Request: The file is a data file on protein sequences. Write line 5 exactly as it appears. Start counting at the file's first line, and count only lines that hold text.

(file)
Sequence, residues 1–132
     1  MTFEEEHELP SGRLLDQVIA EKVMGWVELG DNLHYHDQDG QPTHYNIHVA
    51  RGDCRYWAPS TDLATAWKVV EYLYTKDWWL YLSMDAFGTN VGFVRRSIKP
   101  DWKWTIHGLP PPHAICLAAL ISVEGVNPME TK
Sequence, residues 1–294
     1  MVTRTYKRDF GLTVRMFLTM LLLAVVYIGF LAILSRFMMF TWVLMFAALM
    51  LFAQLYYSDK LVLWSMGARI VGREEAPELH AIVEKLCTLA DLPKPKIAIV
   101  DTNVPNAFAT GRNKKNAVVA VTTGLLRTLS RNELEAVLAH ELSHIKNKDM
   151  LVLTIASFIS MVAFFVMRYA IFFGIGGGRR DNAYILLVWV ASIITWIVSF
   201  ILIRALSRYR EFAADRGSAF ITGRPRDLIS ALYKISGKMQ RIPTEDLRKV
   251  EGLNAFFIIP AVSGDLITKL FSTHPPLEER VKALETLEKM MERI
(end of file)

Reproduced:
Sequence, residues 1–294